Earlier this month, Tesla quietly launched a call to customers equipped with its Powerwall batteries: join what could become the biggest behind-the-meter battery aggregation in California and help support the state’s grid during what’s expected to be a tough summer for keeping the lights on.
What Tesla isn’t offering these Powerwall volunteers, at least for now, is payment for their participation.
Instead, the company has positioned its Tesla Virtual Power Plant project as a “public good program to support the California grid.” That puts its new call into the same class of voluntary actions that it and other solar-battery vendors undertook last summer to help prevent a repeat of the rolling outages that left hundreds of thousands of Californians without power for hours at a time on the evenings of August 14 and 15, 2020.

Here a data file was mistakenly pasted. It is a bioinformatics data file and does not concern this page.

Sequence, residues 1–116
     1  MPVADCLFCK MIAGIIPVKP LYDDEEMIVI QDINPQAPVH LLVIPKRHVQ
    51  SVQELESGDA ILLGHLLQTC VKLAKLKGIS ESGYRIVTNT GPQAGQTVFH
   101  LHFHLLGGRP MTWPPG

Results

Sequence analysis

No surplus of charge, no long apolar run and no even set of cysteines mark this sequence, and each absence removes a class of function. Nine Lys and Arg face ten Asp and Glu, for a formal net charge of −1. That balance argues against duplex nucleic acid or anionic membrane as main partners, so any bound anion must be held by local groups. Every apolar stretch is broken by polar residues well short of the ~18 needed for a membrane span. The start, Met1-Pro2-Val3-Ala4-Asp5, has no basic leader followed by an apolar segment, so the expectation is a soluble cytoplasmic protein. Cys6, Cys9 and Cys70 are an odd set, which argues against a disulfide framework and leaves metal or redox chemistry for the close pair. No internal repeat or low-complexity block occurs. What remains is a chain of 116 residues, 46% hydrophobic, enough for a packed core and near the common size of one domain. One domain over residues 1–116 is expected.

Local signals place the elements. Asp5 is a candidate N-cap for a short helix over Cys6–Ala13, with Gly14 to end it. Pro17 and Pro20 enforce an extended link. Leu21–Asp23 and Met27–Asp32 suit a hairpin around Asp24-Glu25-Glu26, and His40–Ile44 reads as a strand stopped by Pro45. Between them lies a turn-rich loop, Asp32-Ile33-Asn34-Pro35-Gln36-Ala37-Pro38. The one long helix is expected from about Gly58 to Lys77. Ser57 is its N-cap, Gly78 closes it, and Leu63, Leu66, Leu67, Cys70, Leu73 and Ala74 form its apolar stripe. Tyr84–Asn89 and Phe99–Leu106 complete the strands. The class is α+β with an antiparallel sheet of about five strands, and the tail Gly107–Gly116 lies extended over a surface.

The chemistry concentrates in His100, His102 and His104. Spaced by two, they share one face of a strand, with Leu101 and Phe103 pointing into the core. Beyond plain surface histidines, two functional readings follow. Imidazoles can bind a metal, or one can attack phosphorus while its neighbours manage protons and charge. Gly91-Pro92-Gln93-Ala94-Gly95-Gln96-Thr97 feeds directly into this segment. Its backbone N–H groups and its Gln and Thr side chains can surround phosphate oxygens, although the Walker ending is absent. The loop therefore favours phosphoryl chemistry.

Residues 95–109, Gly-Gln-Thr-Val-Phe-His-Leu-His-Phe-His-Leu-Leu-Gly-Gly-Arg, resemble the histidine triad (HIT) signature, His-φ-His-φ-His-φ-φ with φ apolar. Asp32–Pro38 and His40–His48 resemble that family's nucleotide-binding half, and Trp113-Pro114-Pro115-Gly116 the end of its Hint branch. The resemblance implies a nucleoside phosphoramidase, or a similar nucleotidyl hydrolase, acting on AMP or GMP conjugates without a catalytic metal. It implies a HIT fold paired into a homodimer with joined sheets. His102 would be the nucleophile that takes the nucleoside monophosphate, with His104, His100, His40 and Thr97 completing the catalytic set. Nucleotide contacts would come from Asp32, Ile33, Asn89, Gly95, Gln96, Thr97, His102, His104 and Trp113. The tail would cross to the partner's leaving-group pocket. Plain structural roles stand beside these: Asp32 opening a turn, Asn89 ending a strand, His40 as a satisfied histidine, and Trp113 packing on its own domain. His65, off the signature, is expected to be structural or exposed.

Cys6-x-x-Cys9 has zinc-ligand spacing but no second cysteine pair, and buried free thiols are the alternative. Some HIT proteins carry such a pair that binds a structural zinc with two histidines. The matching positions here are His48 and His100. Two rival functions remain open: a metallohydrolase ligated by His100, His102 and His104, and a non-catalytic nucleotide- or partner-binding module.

Whether Tesla can turn this volunteer-based effort into a money-making proposition, as the company suggests it could do in the future, will depend on several factors, according to analysts.
Those include whether enough customers will sign up to give Tesla the critical mass of participants needed to pursue money-making pathways for grid services in California. Tesla did not respond to a request for comment, and its Virtual Power Plant website doesn’t state whether or how it might pursue such opportunities.
“Tesla doesn’t have a revenue stream lined up for this project. In a sense, it’s aggregating first and setting up the revenue stream after,” Isaac Maze-Rothstein, an analyst with research firm Wood Mackenzie, said in an interview last week.